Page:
Many R&B singers have tried to duplicate Aaliyah’s pillowy falsetto and sharp mid-range, from Ciara and Amerie to Teyana Taylor. She could do deep gospel runs, too – check her deep-hued inflections on the Age Ain’t Nothin’ But a Number track “Street Thing.” But she’s rightly remembered as one of the most influential singers of the modern R&B era”.
The piece went on to speculate where Aaliyah’s career would have gone if she had survived. She would have been in her late-thirties and I wonder how she would fit into a market where the likes of Cardi B and Nicki Minaj are fixtures. I will talk about her eponymous album and its influence but, even from the start, the songs popped and stood out. I can listen to tracks like Back & Forth and Street Thing (from her debut) and they sound so fresh and unusual. There is nobody in the scene today that has that mixture of talents and vocal blends. At a time where there are few teenage stars and newcomers; albums like Age Ain’t Nothing but a Number and One in a Million should be studied and followed. One in a Million showcased a more mature blend and saw Aaliyah grow in confidence. It was award-nominated and sold very well; critics were impressed by her artistry and abilities but, again, something was missing.
There were a lot of unfair reviews and negative comparisons to other artists. Whilst fans were responding and great reviews were coming in; there were many who did not see all of her wonder and what she stood for! Not only was Aaliyah a role model for black girls and fellow songwriters but she was creating something that fitted into the mainstream but was distinctly her own. Five years after her sophomore album, and with Stephen Garrett as the lead writer – replacing Missy Elliott and Timbaland –, there was a tougher and sassier sound. Listen to the squelchy electronics of More Than a Woman and the tense beats. Although there was only a five-year gap between her second and third albums; it seems like so much more than time affected her new direction. Much more boldness and intuition were coming into her voice; a woman who was aiming high and wanted to take her music to the next level. Those critics who dismissed her back in 1994 were earing their words in 2001. You could not escape the sense we were seeing a young woman coming into her own and aiming for the heavens. From the very start of Aaliyah; you know you are witnessing a spectacular album and one of the finest decelerations of the decade.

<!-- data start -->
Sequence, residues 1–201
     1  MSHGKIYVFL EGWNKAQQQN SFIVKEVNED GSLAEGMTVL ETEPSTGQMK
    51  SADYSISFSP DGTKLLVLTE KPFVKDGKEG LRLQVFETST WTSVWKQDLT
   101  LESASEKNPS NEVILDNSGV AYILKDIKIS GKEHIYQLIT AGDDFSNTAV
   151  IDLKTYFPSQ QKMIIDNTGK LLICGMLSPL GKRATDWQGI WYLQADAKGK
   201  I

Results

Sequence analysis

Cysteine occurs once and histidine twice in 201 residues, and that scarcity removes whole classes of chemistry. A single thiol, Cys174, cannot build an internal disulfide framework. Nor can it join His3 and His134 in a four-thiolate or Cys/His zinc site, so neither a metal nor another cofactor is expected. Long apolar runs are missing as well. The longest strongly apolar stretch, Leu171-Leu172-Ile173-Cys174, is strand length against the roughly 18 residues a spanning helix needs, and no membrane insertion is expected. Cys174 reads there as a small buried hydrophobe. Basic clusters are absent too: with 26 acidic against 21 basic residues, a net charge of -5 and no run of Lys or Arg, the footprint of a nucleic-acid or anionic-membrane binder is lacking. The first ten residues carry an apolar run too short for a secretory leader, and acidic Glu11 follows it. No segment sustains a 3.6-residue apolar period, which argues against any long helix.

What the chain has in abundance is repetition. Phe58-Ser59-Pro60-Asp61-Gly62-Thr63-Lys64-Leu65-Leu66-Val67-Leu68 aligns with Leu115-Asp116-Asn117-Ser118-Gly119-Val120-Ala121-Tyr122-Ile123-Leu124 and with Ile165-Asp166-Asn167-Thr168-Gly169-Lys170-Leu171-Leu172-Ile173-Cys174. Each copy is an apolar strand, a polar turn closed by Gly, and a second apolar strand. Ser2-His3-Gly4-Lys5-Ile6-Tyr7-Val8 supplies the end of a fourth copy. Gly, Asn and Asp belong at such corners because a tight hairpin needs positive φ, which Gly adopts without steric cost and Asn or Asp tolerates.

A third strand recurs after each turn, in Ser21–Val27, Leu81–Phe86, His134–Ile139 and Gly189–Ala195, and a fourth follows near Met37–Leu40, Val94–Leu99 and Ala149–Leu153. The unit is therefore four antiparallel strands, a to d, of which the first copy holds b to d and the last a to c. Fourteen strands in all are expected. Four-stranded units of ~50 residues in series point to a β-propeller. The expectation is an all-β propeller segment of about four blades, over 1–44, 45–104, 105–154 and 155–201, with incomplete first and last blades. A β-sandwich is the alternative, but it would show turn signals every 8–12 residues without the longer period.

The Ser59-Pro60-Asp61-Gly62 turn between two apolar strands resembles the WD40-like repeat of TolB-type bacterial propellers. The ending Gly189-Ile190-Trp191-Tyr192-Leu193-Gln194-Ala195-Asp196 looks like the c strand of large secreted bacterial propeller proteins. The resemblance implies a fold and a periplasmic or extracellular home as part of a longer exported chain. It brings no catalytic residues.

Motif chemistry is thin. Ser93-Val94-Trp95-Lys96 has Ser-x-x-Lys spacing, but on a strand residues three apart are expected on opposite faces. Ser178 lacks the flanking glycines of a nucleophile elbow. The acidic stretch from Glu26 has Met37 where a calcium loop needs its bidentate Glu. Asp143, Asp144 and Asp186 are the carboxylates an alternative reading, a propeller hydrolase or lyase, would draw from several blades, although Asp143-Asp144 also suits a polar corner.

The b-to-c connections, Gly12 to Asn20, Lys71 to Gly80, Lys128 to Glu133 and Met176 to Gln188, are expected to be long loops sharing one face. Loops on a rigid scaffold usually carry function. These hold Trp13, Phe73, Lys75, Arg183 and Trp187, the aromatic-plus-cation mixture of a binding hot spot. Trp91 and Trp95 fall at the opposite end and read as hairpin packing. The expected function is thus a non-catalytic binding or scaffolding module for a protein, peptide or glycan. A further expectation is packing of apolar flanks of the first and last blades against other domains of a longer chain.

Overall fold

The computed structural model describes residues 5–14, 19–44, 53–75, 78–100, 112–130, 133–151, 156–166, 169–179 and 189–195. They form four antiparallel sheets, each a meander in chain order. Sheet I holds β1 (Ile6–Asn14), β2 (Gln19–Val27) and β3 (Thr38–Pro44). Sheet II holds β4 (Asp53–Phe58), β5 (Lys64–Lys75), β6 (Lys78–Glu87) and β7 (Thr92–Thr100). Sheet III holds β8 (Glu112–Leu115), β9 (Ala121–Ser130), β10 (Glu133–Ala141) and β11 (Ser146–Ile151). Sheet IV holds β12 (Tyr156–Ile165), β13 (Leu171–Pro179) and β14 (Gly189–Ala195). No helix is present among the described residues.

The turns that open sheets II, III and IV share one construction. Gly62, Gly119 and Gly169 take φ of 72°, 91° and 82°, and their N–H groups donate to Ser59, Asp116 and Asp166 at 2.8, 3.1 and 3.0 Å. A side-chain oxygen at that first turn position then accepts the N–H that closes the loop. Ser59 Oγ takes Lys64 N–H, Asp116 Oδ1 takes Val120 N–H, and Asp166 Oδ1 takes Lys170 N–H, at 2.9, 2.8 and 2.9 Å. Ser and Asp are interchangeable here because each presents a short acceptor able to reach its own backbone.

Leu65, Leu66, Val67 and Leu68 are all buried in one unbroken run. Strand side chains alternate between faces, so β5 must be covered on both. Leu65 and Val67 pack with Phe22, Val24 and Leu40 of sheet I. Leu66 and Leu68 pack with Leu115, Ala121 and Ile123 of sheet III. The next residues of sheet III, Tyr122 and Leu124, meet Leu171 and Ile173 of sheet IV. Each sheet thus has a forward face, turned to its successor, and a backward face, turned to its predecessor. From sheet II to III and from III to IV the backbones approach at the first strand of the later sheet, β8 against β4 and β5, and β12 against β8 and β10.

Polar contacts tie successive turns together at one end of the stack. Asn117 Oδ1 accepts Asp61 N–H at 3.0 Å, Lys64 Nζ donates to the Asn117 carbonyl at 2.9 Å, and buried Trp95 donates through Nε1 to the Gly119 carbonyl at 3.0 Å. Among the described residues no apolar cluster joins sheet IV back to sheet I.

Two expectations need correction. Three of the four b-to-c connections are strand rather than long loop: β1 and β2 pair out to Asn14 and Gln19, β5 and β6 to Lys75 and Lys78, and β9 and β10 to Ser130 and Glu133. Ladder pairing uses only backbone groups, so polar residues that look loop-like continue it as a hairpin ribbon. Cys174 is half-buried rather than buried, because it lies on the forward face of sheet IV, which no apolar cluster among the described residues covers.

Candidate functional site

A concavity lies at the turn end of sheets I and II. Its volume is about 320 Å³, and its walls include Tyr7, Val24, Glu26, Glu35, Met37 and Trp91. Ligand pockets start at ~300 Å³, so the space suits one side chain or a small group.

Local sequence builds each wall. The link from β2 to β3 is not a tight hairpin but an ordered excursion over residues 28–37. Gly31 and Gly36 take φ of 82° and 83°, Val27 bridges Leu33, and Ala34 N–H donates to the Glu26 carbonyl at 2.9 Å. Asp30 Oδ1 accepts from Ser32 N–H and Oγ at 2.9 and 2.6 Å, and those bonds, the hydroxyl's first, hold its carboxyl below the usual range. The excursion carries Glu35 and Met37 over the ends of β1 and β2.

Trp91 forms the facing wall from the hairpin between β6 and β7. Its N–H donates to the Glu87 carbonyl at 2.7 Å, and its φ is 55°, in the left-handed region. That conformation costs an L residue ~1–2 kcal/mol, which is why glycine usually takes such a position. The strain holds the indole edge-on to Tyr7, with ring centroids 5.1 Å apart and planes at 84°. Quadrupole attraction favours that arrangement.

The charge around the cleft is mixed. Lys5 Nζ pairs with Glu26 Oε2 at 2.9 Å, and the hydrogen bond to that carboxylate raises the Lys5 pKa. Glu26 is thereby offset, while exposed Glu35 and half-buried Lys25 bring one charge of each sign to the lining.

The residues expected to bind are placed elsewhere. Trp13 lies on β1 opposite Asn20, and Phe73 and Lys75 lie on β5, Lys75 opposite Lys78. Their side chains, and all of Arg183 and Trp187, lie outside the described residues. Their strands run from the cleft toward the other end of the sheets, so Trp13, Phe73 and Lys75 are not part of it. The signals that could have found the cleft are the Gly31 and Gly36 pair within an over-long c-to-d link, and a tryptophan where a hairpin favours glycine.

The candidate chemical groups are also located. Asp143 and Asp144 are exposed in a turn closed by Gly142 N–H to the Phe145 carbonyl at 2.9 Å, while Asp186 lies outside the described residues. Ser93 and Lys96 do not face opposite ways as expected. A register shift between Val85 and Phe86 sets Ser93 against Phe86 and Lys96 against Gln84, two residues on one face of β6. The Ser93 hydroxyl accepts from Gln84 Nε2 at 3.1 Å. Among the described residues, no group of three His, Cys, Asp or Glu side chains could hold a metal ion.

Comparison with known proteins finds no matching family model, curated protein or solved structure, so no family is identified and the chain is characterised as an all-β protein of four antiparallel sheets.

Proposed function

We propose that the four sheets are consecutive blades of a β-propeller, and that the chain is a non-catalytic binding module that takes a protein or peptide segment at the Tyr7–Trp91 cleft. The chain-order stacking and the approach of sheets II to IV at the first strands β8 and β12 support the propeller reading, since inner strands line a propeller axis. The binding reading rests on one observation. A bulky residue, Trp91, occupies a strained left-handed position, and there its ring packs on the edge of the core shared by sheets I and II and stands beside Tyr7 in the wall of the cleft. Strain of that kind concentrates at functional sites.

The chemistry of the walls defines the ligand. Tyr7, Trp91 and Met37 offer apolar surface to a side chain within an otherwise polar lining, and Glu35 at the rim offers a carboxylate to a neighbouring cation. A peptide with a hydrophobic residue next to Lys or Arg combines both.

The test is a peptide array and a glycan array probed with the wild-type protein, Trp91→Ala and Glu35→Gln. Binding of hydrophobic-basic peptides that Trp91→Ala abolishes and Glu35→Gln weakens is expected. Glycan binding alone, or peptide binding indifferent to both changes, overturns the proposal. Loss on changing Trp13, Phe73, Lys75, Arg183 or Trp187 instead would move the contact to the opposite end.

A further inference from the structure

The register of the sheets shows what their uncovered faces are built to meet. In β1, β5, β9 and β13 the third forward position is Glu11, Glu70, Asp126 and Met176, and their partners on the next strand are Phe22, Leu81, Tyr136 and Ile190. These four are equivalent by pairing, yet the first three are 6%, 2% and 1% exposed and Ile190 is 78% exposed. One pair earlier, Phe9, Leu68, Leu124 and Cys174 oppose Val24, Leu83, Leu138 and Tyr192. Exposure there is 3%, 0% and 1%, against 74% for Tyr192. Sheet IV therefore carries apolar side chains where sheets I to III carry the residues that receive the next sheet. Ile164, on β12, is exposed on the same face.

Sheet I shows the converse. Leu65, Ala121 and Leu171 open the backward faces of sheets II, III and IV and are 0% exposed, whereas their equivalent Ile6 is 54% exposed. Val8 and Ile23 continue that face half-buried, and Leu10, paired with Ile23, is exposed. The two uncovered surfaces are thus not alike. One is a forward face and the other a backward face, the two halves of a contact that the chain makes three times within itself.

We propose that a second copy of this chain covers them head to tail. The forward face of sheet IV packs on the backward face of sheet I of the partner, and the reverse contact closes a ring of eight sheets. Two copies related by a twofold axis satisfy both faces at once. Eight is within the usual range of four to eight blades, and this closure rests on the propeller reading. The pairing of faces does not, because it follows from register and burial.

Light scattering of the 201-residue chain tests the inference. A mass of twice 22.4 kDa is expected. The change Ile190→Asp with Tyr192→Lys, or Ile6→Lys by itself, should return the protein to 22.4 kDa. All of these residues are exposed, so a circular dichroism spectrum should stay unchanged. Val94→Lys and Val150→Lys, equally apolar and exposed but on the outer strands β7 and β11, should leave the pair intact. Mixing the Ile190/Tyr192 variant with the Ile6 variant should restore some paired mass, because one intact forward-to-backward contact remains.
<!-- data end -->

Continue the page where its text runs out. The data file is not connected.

ART CREDIT: McFlyy
It is a tight and strutting funk that sees Aaliyah step out and nail it! More confident as a vocalist than ever before; one can hear shades of Aaliyah in Beyoncé’s later career. It is true that, in 2001, she was already shaping the future of Pop and R&B. We Need a Resolution features Timbaland and is a fantastic start to the album; Rock the Boat looks back at her earlier work and provides a more soothing and sweet cut; Loose Rap and Extra Smooth are indelible smashes that, again, show new sides to Aaliyah. AllMusic, when reviewing the album in 2012, summed it up perfectly:
“Where such peers as Macy Gray and Jill Scott work too hard to establish their ties with classic soul, Aaliyah revels in the present, turning out a pan-cultural array of sounds, styles, and emotions. This sound is entirely unfamiliar -- part of the pleasure is how contemporary it sounds -- but she sounds just as comfortable within the sonicscapes of Timbaland as Missy Misdemeanor Elliott and, possibly, less self-conscious. Aaliyah never oversings, never oversells the songs -- this comes on easy and sultry, and there's a lot of substance here, in terms of the songwriting and the songs themselves. Urban albums rarely come any better than this, and there haven't been many records better than this in 2001, period”.